Choreographer, performer, and conceptual artist, Ann Carlson- Borrowing their breath

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Choreographer, performer, and conceptual artist, Ann Carlson- Borrowing their breath

by Sonja Swenson on Monday, June 6, 2011 - 6:01am

This spring’s Artist’s Salon brought choreographer, performer and conceptual artist Ann Carlson to the Clayman Institute for a dynamic mix of performance and discussion. Ann Carlson, a guest artist the Stanford University drama department and division of dance since March 2010, describes Stanford campus as “a big container of ideas” from which we all borrow the “fragileness of life”– the breath.

With rapid-fire delivery, Carlson began the salon energetically auctioning off of the breath to the highest bidder. Bewildered at first, the audience began to place bids on the inhale, the exhale, and even the space between the two. How high do I bid? Effortlessly trading the Missourian accent for her natural Illinoisian, Carlson next encouraged the audience to leave our seats, move around and explore a space that wasn’t ours. We side-stepped around furniture, examined the corners of the room and ran our hands along surfaces. In these brief exercise, as in her performance work, Carlson draws our attention to the elements of our everyday experiences that surround and sustain us.

While ideas for her work spring from multiple locations of inspiration, Carlson is particularly fascinated by what she calls “the naïve gesture” – a functional gesture of the everyday. Finding these subtle movements in the workplace and by observing ordinary interactions between people, she then sequences, layers, and recasts these movements in to design a new choreography. Trained in dance at the University of Utah and University of Arizona, Carlson’s work also borrows from a wide variety of disciplines including performance, theater, public and conceptual art. Carlson is even a graduate of the Auctioneer School of Kansas City, Missouri, where she learned how to pronounce “dollar” as “daughter” to keep the words flowing off her tongue. Grounded in the life of the everyday, Carlson’s work encourages us to re-examine those living experiences.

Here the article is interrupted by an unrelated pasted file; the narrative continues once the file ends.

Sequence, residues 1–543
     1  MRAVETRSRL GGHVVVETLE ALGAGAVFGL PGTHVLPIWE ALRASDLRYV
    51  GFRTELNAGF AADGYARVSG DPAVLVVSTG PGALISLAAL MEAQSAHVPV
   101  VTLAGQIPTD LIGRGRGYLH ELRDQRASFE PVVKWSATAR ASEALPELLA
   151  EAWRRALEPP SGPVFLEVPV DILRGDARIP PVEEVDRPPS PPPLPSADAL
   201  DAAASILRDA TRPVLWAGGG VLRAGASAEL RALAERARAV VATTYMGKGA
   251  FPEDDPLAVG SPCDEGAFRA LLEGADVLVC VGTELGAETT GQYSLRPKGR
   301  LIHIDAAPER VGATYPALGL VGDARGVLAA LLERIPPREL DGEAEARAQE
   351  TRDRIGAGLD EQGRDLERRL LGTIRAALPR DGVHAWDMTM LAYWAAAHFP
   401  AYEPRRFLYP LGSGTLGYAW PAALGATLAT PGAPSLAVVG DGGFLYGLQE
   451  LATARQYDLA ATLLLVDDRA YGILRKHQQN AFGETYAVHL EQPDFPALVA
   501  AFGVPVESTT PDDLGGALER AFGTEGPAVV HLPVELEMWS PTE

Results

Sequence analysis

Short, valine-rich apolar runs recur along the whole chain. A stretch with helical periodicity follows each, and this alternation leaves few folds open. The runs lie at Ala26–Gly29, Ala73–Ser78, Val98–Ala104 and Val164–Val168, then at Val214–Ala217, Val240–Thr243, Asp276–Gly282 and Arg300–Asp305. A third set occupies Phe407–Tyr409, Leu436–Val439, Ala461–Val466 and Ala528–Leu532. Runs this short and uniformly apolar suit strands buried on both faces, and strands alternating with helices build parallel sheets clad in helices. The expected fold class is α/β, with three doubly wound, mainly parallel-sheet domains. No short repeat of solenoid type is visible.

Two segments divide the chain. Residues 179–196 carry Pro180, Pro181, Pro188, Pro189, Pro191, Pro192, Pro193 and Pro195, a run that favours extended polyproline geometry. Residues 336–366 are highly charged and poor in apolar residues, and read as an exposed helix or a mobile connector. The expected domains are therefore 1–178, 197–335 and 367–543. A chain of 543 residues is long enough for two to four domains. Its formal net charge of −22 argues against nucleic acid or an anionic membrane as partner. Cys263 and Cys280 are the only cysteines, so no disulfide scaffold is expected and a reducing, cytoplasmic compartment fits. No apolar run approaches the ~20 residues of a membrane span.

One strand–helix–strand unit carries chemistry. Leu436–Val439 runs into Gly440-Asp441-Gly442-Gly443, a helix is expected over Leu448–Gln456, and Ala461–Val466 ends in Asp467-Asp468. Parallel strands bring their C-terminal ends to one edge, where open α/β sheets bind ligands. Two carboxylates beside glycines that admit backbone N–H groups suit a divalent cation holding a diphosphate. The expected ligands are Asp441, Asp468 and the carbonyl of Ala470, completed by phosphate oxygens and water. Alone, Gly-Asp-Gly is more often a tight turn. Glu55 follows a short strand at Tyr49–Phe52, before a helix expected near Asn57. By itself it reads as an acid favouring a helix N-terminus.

In addition to exploring the what and the how of the routines we perform daily, Carlson explains that an important theme for her work is asking the question of, who gets access? Who is allowed to perform? Often project-based and organized within a series, her work engages diverse performers-- professional actors, non-acting professionals, fainting goats, dogs, and even a goldfish—and have been performed in barnyards, museums and stages across the nation and around the globe. In speaking about her series Animals, Carlson admits she likes the “unpredictable layer” that animals bring to live performance, but she also highlights that these unconventional performers push us to explore the “permeable membrane” between artifice and reality. Rather than worry that the dog might upstage the actress, Carlson invites the spectator to “notice how we notice” – to become aware of our biases and become conscious that we may be giving greater attention to the dog, perhaps expecting it to run off-stage.

In this way, Carlson’s work encourages us to both broaden and re-imagine the way we think about, respond to, and interact with performance. In the three-part video work Madame 710¬, Ann Carlson and videographer Mary Ellen Strom explores themes of femininity, possession and consumerism. Carlson, dressed in a clear plastic raincoat stuffed with money, performs a ritual-like dance of gratitude and humility around a calm, contemplative dairy cow. As she moves around the stark white gallery with hay strewn across the floor, the complex mutuality of their relationship unfolds; Carlson suggests that she is in the cow’s service and the cow is simultaneously in her service.

Constantly challenging our consciousness and sensitizing us to our relationships to our surroundings, Ann Carlson has received over thirty commissions and numerous awards for her artistic work, including a 2009 USA Artists Fellowship, a 2008 American Masterpiece award, a 2003 Guggenheim Fellowship in choreography, a 2003 New York Foundation for the Arts Fellowship, and a three-year choreographic fellowship from the National Endowment for the Arts. As a Visiting Scholar at the Stanford Humanities Center this academic year, Carlson has been teaching and leading workshops with Stanford students and faculty as well as developing new, live theatrical work—one designed especially for infant and very young spectator-participants. Drawing upon a wealth of early childhood research, she has been exploring how infants perceive and interact with symbols, color, gesture and metaphor.

We encourage you to keep an eye out for Ann Carlson’s developing work and also to invite you to the upcoming Artist Salons. The Clayman Institute looks forward to hosting Stanford Drama Artist-in-Residence Cherie Moraga discuss her new play this Fall.